Food Preservation Methods

Smart food preservation focuses on preserving the nutrients. It doesn't matter if something has a long shelf life. So does paper, and most paper is edible. But it doesn't provide the necessary nutrition for a healthy human.

food preservation

The purpose of preserving food is to increase the shelf life while maintaining a high nutritional value. Most modern processed food fails to do this.

Traditional cultures knew how to preserve foods in ways that would increase the digestibility and nutrients. This is an area of great interest to me that I continue to study.

Dehydrating Food
Use the best methods for dehydrating food to avoid mold and bacteria. Drying food is a great preservation technique.

Home Canning Food
Learn when home canning food is safe, different ways to do it, and the potential dangers.

Freezing Food
Learn about freezing food, the historical use of frozen foods, and its advantages and disadvantages.

Smoking Food
You can try smoking food in a homemade smoker. Use it for curing meat or adding flavor to cheese. What will you make?

Each preservation technique has pros and cons. Some work better for certain types of foods or in certain climates.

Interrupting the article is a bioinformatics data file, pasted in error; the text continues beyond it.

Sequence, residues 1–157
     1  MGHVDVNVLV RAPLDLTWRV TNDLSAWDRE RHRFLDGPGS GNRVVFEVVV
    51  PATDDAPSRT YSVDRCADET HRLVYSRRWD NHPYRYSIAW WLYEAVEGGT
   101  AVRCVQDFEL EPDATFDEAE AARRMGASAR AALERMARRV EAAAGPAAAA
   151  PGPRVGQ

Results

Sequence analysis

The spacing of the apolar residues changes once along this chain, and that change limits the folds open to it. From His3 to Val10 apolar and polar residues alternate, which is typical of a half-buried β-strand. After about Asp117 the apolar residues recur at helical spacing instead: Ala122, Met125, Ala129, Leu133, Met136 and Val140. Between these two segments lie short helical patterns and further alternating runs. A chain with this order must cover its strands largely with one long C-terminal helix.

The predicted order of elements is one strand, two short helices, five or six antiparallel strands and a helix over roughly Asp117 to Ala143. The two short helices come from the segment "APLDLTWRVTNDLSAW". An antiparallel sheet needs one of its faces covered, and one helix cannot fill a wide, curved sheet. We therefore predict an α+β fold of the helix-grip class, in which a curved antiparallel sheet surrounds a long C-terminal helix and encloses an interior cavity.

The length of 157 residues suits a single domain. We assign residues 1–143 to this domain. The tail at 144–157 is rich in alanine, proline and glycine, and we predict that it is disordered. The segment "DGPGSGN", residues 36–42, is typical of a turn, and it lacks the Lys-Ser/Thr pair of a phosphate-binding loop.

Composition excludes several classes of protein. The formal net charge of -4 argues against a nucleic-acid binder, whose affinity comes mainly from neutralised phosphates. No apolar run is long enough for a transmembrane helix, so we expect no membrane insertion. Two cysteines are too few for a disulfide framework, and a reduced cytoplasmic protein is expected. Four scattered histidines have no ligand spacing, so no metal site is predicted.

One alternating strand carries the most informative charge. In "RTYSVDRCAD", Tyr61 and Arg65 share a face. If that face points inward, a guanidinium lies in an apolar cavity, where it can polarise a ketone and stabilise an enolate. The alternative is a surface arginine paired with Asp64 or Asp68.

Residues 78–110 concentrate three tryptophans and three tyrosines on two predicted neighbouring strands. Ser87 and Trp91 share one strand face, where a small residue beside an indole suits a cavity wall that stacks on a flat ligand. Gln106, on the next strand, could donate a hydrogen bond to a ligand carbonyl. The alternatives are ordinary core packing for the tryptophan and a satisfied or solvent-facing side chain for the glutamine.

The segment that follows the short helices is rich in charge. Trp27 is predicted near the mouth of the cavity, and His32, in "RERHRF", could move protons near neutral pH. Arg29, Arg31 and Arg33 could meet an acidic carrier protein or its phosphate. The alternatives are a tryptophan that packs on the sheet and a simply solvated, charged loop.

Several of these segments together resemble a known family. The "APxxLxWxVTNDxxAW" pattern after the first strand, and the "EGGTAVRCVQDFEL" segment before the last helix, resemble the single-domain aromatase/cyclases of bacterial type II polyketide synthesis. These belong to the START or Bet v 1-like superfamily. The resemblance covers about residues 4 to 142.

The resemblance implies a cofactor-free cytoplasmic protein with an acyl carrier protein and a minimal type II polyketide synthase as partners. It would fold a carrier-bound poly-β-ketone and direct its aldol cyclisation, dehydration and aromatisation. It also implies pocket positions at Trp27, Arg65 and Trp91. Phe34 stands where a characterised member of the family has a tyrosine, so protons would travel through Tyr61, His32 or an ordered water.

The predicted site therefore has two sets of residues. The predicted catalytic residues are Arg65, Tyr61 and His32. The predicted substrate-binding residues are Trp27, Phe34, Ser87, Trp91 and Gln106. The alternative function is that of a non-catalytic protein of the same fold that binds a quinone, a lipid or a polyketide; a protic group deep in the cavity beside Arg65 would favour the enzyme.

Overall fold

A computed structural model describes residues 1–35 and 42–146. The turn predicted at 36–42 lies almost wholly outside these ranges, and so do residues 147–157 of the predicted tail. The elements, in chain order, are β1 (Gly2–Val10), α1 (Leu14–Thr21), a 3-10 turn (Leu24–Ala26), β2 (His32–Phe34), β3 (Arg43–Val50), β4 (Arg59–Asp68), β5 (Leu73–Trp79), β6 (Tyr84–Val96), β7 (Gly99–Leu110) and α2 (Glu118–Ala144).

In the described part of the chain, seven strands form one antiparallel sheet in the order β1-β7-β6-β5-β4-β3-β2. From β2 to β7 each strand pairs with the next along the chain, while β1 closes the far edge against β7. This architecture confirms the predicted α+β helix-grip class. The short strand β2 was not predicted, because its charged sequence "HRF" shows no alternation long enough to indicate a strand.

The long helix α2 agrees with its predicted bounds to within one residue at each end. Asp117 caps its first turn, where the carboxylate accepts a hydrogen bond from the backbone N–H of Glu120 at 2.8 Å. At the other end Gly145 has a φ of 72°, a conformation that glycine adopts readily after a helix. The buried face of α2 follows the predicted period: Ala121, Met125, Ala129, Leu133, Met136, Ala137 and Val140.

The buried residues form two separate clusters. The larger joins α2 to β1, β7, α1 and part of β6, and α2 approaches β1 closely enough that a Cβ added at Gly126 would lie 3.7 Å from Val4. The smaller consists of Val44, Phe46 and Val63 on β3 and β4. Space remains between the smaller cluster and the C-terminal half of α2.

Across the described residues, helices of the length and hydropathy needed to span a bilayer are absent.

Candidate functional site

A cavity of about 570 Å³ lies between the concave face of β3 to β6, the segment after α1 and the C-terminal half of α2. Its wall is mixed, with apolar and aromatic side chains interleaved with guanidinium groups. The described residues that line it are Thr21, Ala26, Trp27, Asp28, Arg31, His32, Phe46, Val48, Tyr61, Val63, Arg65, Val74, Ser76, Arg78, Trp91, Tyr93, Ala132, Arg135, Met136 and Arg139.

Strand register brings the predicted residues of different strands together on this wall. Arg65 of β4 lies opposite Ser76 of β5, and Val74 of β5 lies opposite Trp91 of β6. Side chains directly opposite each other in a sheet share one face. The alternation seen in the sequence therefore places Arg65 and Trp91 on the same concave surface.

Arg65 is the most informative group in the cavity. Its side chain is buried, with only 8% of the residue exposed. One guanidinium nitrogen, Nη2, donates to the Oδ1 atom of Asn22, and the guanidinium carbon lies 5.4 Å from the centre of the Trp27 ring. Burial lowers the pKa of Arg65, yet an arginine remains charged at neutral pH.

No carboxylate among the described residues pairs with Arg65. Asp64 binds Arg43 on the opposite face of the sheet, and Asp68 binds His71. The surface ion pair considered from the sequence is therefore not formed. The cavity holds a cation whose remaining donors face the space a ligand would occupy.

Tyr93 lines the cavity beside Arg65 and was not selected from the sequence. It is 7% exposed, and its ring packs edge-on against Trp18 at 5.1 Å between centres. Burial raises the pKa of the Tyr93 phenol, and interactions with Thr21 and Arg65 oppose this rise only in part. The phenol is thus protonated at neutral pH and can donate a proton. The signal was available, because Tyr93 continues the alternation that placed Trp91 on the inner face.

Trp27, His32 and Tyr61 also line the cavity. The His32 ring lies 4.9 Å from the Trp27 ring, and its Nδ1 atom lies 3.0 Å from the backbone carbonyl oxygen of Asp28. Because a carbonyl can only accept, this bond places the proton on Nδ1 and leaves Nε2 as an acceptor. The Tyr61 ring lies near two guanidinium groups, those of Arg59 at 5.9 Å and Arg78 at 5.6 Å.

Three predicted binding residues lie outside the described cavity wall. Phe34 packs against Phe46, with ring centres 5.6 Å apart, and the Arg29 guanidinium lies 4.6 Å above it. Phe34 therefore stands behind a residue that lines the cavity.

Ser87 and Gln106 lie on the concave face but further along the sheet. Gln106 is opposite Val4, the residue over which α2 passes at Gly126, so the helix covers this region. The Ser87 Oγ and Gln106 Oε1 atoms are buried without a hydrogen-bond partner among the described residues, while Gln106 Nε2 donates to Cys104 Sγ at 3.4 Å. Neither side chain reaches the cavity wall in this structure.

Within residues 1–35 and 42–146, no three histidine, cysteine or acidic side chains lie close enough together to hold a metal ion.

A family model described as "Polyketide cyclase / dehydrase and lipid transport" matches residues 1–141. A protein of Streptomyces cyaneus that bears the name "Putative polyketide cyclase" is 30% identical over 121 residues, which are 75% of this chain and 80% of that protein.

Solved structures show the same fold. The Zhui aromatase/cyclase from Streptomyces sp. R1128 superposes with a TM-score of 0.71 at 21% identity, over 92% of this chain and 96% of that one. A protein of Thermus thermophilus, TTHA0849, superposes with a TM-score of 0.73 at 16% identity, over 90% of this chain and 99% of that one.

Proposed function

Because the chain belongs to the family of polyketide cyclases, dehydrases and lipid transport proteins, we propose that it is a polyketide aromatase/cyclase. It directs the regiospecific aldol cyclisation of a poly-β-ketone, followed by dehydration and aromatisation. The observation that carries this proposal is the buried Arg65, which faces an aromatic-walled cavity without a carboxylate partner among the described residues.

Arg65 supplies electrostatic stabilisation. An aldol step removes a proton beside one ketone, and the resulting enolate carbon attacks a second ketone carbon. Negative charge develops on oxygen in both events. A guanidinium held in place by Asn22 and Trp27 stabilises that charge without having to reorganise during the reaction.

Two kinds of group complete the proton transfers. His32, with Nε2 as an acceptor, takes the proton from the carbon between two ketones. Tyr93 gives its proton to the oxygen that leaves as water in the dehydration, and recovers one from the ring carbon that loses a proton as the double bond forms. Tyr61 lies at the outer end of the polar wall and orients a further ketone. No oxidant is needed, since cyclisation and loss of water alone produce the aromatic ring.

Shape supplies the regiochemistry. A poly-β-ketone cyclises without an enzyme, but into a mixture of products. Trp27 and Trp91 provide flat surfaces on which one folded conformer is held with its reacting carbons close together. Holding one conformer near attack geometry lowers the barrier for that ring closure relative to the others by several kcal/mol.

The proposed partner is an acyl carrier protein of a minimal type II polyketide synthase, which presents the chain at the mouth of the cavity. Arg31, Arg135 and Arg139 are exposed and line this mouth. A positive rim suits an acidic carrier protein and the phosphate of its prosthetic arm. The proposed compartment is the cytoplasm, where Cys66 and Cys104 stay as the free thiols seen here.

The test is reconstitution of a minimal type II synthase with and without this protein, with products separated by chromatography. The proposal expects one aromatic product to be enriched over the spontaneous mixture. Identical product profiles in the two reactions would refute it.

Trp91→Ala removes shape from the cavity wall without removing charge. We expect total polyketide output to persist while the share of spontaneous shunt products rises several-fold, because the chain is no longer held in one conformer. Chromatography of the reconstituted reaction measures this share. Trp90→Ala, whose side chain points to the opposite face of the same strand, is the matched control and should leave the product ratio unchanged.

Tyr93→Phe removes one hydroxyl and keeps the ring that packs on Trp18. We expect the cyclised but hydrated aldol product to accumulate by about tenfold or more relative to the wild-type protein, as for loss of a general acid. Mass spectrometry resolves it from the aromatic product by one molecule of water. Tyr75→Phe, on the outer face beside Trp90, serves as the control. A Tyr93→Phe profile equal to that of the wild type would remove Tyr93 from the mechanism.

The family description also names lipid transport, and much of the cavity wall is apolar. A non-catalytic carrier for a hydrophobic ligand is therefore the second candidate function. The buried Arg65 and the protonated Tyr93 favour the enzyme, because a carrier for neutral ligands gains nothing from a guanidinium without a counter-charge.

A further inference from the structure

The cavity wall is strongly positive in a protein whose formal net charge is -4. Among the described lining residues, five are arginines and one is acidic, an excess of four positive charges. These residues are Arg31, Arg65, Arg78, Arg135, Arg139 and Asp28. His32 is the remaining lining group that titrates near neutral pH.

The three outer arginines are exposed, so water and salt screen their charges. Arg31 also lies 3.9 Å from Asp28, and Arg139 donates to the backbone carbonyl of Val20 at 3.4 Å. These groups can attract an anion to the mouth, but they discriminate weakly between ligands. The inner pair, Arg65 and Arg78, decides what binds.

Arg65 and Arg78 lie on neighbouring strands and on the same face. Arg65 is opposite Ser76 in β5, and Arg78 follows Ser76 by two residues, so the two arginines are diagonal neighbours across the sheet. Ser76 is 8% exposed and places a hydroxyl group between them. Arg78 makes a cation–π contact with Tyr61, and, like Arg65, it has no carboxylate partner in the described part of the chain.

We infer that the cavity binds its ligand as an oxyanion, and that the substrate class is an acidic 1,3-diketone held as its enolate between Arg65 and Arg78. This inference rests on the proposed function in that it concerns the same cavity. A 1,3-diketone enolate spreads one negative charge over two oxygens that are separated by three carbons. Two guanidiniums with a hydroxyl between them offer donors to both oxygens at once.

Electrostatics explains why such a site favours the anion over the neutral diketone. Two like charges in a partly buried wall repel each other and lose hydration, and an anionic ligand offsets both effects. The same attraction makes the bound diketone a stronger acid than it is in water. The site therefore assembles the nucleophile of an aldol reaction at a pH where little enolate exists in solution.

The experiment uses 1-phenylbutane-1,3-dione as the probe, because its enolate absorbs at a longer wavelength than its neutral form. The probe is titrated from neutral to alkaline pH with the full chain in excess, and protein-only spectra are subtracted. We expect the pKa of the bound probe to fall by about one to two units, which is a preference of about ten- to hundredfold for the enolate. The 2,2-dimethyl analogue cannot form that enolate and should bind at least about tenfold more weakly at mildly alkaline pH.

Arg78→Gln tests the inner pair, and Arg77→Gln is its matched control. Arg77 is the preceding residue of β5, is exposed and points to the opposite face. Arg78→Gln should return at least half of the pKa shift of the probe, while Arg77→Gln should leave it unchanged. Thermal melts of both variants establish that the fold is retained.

The Root Cellar

You can also try using a root cellar for off the grid, sustainable preservation of your food.

My grandparents talked about keeping vegetables in the root cellar and basement. There were big barrels of sauerkraut down there. They even used it as a place to age meat.

Cold Storage for Food Preservation

The problem with modern basements is that they're too warm. In the days before the central heating furnace, the basement stayed cold and dark.

To recreate the proper environment, some people dig a cellar as a separate room in the ground apart from the house. This isn't as useful as a cold basement because you would have trouble getting there in bad weather such as ice or deep snow.

Mini Cold Storage

Another alternative is to use straw in a barrel sunk into the ground. The barrel or container should be deep enough to go below the frost line or the depth that the ground freezes to in the winter.

More to Explore

dehydrating food
freezing food
home canning
smoking food


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